6) Don’t make your posts too long.
Again, testing post length is the best way to gauge what your audience likes. The optimal length of your Facebook Timeline posts will vary from company to company. For some, longer, informative Facebook posts perform better. For others, like BuzzFeed, short ones work perfectly.
While it’s important to experiment to see what your audience responds to best, here’s what we will say: There is some solid evidence that shorter posts generate the highest engagement. Jeff Bullas found that retail brand posts fewer than 80 characters in length received 66% higher engagement than longer posts. Particularly concise posts (1 – 40 characters long) generated the highest engagement.
7) Don’t post images of just any size.
Pixelated, cluttered, or difficult-to-read visuals will not only frustrate users, but they’ll also give you a bad reputation.
Facebook doesn’t just have specific image dimensions for profile photos and cover photos. (Although those are important, too.) It also has ideal image dimensions for images you post on your Timeline, the ones you use in sponsored posts, sidebar ads, and so on.
8) Don’t post click-bait.
When you link to a web page in a Facebook post, Facebook now looks at how long people are spending on that page in order to measure its usefulness. The lesson? Don’t post click-baity headlines that don’t deliver on your promises.
In an effort to determine what type of content users preferred to see in their News Feeds, Facebook conducted a survey and revealed that 80% of the time people preferred headlines that helped them decide if they wanted to read the full article before they had to click through.
So if you’re looking to meet the needs of your audience on Facebook, consider posting links to clear, informative blog articles. When the headline sets the right expectation for what a user can expect from the content, it’s easier for them to see the value in what you’re offering and remain on the page to read the article. When it doesn’t, they bounce off the page and Facebook takes note.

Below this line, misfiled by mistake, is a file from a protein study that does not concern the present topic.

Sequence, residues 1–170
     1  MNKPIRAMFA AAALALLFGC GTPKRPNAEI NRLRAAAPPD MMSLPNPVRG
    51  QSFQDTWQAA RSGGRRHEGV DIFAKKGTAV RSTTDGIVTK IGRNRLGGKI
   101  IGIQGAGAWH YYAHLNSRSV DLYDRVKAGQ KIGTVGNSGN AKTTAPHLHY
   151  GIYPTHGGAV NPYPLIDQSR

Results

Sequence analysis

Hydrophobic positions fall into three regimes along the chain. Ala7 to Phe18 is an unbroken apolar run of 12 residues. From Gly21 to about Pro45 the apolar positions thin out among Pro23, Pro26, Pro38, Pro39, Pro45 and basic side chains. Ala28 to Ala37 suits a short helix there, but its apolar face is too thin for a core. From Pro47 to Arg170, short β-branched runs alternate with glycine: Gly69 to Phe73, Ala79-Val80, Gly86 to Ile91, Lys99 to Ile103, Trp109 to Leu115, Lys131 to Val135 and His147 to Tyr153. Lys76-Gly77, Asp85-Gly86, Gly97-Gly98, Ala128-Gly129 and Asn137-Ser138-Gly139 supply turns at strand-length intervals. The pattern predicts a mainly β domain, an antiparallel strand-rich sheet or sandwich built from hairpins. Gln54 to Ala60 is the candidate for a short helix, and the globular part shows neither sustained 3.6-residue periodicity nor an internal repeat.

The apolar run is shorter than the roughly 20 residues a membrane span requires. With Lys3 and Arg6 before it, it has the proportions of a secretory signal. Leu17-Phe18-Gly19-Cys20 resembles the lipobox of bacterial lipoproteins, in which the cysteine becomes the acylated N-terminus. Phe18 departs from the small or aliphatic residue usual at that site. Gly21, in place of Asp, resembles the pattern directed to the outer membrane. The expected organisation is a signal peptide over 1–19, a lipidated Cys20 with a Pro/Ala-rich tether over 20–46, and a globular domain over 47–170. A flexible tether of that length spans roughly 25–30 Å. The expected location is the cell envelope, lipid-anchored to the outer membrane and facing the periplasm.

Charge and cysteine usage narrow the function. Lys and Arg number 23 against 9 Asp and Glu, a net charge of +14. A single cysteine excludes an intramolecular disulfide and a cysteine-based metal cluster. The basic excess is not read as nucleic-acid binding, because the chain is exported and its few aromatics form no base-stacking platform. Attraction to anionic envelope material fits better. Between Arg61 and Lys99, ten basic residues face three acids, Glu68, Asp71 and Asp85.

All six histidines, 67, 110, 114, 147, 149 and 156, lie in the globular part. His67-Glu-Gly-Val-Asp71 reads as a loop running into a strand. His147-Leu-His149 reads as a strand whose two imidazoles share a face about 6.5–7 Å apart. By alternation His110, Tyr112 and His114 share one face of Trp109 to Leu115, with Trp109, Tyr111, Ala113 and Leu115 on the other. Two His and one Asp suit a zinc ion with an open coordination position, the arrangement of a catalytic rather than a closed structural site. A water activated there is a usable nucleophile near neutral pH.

9) Don’t assume you should only post during business hours.
A TrackMaven study found that posts published after-hours (5 p.m. – 1 a.m. EST) got 11% more interactions than those published during the day (8 a.m. – 5 p.m. EST). These after-hours posts also got 29% more interactions than those published before work (1 a.m. – 8 a.m.).
What about weekends? TrackMaven’s study found that posts published on Sundays got 25% more Likes, shares, and comments than Wednesday posts, even though fewer than 18% of posts were published on weekends.
The takeaway here is to publish posts at varying times, including evenings, nights, and weekends. This is especially true for business with international audiences whose fans are awake at all different times of day.
10) Don’t post too often (but do post regularly.)
Yes, you should post regularly to keep your audience engaged, show them you’re present and listening, and answer their questions and concerns.
However, what you don’t want to do is overwhelm them with tons and tons of posts. We recently published a blog post summarizing research we did on how often businesses should post on Facebook. It included posting frequency benchmarks by industry and company size based on Facebook data from our 13,500+ customers.
What we found was this: Companies that are selective about what they publish — i.e. they take the time to craft a smaller number of high-quality Facebook posts instead of a lot of Facebook posts — performed best.
11) Experiment with targeting and ads.